One year ago, I lost a very dear friend of mine. I knew him as Bill. Some called him Percy. A lot of people called him Paul. He was actually all three of these people, and each name represented a different part of his personality. And because he was truly larger-than-life in so many ways, the gravity of his passing is something I still have trouble formulating in my own mind.

William Alvin Moody of Mobile, Alabama was also known as Percival “Percy” Pringle III, professional wrestling manager for World Class Championship Wrestling, and known even more so on an international basis as Paul Bearer of the WWF/WWE. He was 58 years old when he died on March 5th, 2013 due to respiratory failure. I have never known, nor may I ever know, a person like him ever again.

Bill Moody, Kurt Nielsen and friend.

I think it’s high time I did something for him on this web page, in his honor. This is a project that he and I started together back in 2002, and keeping it going is the best way to keep his legacy alive on the internet. I have long wanted to do a tribute for him here, but I did not want to use it as a spotlight for my own interests. Now that time has passed, it’s something that is completely appropriate. And, even more fitting, is the fact that he was so comfortable with death. Bill always told me, “My life is death,” due to his work in the funeral business (which was 100% legit) and his managerial duties with The Undertaker. I know he would be happy that I was doing this for him on the anniversary of his passing.

So many things went through my mind when Bill died. I hope you never have to experience anything similar. Here was a dear friend of mine, who just happened to be world famous, who just happened to portray a character who represented death. Some people thought his death was a wrestling angle, another chapter in the ongoing saga with The Undertaker and Kane (Paul Bearer’s “son”). I guess I can understand that, looking with the eyes of an outsider. But a lot of people thought about him as the character first, and not as a person — that was really tough. And then I was getting bombarded by the press and whatnot. (Bill’s death was such big news, it made The New York Times obituary section.) It was just an ugly time. I did what I had to do, with the blessings of his family, then promptly retreated.

I am not breaking confidence with any of the things I am talking about here — I have too much respect for my friend to do that. Bill was very open about his own personal struggles (a lot of which was talked about right here on this web site). I am merely going to talk about things that are fitting, in order to properly describe to you the man that I knew.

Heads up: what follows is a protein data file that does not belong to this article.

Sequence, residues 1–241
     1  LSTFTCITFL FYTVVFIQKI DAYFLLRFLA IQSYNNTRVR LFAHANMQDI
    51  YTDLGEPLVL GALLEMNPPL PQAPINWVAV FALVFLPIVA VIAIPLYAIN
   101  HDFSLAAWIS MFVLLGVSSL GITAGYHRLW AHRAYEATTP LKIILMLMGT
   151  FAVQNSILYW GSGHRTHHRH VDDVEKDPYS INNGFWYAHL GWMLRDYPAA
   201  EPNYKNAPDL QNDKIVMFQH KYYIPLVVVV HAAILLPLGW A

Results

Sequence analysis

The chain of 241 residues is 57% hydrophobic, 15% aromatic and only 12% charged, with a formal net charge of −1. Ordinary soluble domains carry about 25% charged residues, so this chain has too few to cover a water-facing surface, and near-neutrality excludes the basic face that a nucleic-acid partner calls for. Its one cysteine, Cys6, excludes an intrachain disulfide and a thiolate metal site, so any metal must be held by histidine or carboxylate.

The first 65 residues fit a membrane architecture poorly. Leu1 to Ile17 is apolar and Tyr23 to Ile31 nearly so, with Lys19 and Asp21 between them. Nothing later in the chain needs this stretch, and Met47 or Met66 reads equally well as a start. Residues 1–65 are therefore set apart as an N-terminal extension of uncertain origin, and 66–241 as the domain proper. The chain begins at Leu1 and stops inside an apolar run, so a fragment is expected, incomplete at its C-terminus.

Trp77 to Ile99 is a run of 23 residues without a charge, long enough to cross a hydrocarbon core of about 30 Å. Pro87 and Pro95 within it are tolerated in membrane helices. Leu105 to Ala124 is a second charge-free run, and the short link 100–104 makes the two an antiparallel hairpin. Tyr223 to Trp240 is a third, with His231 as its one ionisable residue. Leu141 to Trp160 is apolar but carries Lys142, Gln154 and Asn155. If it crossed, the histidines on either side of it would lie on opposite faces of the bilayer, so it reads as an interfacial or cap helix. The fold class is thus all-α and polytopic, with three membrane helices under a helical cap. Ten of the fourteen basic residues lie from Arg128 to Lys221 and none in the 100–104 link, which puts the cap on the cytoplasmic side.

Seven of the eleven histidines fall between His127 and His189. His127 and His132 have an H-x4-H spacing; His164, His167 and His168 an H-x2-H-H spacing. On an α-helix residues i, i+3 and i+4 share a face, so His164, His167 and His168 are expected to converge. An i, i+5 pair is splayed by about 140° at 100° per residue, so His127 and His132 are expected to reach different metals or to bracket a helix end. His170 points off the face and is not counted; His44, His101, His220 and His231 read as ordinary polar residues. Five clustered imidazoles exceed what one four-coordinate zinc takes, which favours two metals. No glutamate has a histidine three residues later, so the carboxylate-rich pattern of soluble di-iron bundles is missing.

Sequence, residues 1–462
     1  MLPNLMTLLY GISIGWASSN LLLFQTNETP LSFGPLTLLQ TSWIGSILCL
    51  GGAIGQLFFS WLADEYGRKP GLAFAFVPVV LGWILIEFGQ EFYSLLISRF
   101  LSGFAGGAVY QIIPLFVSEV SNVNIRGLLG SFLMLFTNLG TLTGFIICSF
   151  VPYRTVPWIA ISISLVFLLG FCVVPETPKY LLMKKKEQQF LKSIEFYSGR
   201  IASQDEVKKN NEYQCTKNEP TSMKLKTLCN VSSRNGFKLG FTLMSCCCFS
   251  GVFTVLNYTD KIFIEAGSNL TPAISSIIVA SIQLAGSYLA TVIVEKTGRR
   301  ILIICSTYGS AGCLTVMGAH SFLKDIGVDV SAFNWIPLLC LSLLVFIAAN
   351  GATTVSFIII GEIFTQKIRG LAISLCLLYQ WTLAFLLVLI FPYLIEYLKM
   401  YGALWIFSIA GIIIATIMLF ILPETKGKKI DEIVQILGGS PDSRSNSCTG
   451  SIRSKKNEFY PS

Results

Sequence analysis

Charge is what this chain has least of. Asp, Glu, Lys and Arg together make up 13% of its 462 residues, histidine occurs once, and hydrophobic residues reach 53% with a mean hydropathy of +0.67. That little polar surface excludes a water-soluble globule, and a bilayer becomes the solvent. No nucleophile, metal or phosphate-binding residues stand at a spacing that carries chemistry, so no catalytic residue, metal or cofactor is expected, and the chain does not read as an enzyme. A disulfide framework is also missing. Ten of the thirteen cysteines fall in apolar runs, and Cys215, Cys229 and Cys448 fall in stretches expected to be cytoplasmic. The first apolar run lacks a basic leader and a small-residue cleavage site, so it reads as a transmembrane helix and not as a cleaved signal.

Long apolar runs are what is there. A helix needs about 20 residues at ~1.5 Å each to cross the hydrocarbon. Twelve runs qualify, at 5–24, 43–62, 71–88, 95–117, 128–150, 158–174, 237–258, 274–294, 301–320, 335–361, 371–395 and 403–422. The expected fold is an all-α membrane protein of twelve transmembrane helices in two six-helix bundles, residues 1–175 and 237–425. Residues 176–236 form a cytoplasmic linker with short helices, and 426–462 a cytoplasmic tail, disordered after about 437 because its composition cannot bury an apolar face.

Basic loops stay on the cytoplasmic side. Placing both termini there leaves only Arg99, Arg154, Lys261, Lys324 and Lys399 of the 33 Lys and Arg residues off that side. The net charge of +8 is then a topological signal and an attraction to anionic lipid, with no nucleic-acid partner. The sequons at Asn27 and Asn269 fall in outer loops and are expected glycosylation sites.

I met Bill Moody via the internet in 2002. He sought me out because he wanted to do a web site about his career. (He had followed some of my past projects.) We started e-mailing, back and forth, then we started talking on the telephone. Imagine having somebody of his stature seeking you out not only to do work, but be an on-going partner! We immediately clicked, and soon we were talking on a daily basis. It was a pretty amazing thing, and to this day I feel so fortunate that everything came together as it did.

Since he had so many names that he went under, one of the first things I asked him was what to call him. “I’m just Bill Moody from Mobile, Alabama,” he said. And even though seemingly everyone around him called him “Percy” — even his own wife — to me he was always just Bill.

Now things were not exactly rosy in the Moody household. He had left World Wrestling Entertainment (WWE) to take care of his wife Dianna, who was stricken with cancer. Bill always had trouble with his weight, and it got worse and worse as he tried to balance home life with life on the road. Finally, he decided to go home to take care of his family, with the understanding he could always come back to WWE when he chose to. When he was home, he grew depressed over his situation, and his weight grew even further out of control. The cancer treatments went through all of his savings, he was on the verge of losing his home, and he was now pretty much housebound at over 500 pounds.

The internet was his outlet to the real world, and he poured his heart into it. Knowing what I knew about his situation (he did not divulge everything to me — some of it was brought to my attention through other sources), I did everything I could to make sure this was something we could both have fun with, so he had something to look forward to every day. I designed the web site in a way that he could tinker with it when I wasn’t around, and he educated himself on how to do a lot of the duties on his own, even without my instruction. He really impressed me with his ability to learn and adapt. Through our efforts together, I found him to be one of the most creative, diverse, intelligent people I have ever met, which is saying something because I have worked with many remarkable talents in the entertainment world. But Bill was something else, indeed.

Due to his weight, and all of the stresses in his life, he was pretty much ready to die at this point. A lot of people don’t know how bad it really was. He would tell me little things, and it tore me apart knowing my friend was in such agony. WWE wanted to bring him back several times, but he always turned them down. Mentally and physically, he could not do it. Finally, when asked what WWE could do to make his life better, so he could come back to the wrestling business that he loved so much, Bill told them he had only one thing that could save him: gastric bypass surgery. WWE gave that to Bill as a gift.